THAT'S Orthorexia. The inabiliy to recognize that while brown rice is more healthful than white rice, white rice is more healthful than nothing.

Carrie Arnold said...

Harley raises a really good point: that it's not a disorder until it negatively impacts your life. With EDs I hesitate to say that as it can be used to justify any number of unhealthy behaviors. You can be essentially blind to those negative impacts, but that doesn't mean they're not there.

I don't think "healthful eating" and being conscious of your food is necessarily bad. We all have our preferences and styles of eating.

As a society, we're very confused about food and eating, and that's where we start throwing labels around like orthorexic and junk food and the rest of it.

Crimson Wife said...

I actually passed up an opportunity to have my DS be in a co-op preschool because I had an issue with the heavy-handed rules they had regarding food. The snacks provided by the parents had to be nut-free (fine), vegan, no trans fats or saturated fats, no HFCS, no artificial colors, and on and on. I'd be willing to bet quite a large sum of money that at least one (if not more) of the moms in that group suffers from orthorexia.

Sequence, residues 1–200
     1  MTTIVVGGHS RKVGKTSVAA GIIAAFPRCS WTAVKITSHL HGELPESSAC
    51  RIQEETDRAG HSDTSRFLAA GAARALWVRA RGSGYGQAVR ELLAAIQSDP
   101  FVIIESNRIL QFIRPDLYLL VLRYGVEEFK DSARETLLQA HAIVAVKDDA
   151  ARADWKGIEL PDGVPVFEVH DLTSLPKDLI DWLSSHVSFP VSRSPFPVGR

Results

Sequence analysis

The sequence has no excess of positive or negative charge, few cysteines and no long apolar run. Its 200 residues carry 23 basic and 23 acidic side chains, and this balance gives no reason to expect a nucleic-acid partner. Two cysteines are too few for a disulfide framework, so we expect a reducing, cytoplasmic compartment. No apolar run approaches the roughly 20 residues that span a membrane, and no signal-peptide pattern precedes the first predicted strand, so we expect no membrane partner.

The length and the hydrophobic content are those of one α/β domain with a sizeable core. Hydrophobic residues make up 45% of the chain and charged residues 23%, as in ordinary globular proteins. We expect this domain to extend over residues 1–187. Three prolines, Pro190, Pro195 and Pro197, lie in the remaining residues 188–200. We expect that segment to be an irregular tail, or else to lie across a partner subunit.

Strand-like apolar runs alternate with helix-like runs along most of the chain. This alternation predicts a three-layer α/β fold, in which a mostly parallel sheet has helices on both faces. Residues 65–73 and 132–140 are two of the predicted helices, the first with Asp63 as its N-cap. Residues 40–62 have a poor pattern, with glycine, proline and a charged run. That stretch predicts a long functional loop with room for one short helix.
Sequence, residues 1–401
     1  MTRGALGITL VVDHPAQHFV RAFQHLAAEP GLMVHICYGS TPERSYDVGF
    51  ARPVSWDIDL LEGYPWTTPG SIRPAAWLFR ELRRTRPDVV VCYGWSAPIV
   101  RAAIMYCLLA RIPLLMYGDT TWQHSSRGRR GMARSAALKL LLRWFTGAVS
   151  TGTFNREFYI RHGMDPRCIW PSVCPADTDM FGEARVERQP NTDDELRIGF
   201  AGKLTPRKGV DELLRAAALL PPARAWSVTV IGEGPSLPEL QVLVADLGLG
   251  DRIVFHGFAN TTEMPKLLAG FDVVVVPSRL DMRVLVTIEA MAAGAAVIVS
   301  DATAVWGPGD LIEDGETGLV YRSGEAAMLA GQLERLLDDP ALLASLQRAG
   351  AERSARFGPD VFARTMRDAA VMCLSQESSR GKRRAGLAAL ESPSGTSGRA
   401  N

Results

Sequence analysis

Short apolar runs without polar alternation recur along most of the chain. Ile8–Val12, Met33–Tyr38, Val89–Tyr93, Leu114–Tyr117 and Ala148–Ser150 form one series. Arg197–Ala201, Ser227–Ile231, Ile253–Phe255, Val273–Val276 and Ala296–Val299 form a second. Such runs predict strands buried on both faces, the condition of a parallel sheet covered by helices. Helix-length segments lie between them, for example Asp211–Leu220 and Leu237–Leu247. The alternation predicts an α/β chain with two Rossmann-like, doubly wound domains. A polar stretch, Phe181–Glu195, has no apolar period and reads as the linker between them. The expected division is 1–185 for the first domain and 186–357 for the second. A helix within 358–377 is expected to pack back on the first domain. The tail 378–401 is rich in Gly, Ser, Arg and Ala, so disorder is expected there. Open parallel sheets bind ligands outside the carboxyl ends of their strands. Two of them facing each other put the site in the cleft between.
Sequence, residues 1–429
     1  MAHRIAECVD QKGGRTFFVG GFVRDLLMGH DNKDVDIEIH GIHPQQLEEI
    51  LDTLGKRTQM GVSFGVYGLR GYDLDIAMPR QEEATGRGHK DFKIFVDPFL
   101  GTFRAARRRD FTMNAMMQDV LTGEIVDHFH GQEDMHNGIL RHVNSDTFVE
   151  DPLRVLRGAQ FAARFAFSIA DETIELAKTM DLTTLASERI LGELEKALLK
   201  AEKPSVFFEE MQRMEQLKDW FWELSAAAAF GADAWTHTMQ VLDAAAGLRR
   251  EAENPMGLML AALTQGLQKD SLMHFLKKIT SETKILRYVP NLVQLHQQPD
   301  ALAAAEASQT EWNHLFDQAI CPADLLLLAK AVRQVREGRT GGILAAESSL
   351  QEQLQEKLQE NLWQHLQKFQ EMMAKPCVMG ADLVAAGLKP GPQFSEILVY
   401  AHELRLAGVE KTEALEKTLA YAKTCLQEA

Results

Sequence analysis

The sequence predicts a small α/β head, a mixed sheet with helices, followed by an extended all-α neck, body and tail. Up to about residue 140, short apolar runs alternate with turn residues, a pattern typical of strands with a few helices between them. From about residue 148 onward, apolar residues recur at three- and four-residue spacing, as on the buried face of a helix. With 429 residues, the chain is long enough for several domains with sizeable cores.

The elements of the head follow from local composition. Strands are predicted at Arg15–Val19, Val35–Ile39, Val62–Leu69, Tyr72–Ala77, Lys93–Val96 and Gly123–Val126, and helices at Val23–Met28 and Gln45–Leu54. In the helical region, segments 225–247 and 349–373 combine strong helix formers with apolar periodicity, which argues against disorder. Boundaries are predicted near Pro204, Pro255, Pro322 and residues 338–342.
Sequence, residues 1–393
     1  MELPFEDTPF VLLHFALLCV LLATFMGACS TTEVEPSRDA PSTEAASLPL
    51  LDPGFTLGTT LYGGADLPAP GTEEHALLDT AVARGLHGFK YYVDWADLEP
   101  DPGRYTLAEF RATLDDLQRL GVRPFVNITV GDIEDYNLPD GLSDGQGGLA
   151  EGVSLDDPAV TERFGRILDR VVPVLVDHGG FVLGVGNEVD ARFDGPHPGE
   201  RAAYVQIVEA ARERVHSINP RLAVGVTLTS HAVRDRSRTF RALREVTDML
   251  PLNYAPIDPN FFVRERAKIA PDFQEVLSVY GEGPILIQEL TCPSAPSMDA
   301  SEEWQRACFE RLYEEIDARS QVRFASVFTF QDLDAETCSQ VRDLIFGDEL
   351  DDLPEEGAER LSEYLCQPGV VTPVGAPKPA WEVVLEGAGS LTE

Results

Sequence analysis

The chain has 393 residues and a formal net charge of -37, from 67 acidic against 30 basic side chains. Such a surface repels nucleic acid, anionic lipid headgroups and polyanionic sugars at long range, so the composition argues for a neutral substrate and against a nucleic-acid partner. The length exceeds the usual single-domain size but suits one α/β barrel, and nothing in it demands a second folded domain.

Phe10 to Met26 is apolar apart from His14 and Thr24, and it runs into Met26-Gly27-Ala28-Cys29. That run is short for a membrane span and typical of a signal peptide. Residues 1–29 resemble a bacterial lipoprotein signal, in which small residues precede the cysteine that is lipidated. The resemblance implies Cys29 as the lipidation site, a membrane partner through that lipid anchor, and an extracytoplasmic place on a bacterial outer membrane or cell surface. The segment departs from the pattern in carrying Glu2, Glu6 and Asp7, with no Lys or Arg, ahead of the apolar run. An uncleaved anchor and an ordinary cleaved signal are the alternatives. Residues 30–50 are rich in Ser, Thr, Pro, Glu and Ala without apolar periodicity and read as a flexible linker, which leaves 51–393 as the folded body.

I try to feed my kids a fairly healthy diet but this was WAY over the top. So I decided to pass...

Entangled said...

I went through this and it's hard to articulate exactly how it differs from eating natural and eating well, but it does. I think for me it started because my metabolism would not allow me to eat as little as I thought I should, so I decided every single meal or snack needed to be as healthy as possible. I would avoid eating rather than eating something I deigned a bad food, even if I was shaking with hunger. I ate so much fiber that I had serious intestinal pains pretty much every day. I once threw a tantrum when my boyfriend dared to saute something in more than a teaspoon of oil.

I was eating healthful foods, but I was not eating healthfully. Food was definitelty a battle zone and despite putting so much thought into it, I was still eating far less than I needed - at least 1-2 hours a day were spent battling hunger headaches and dizziness.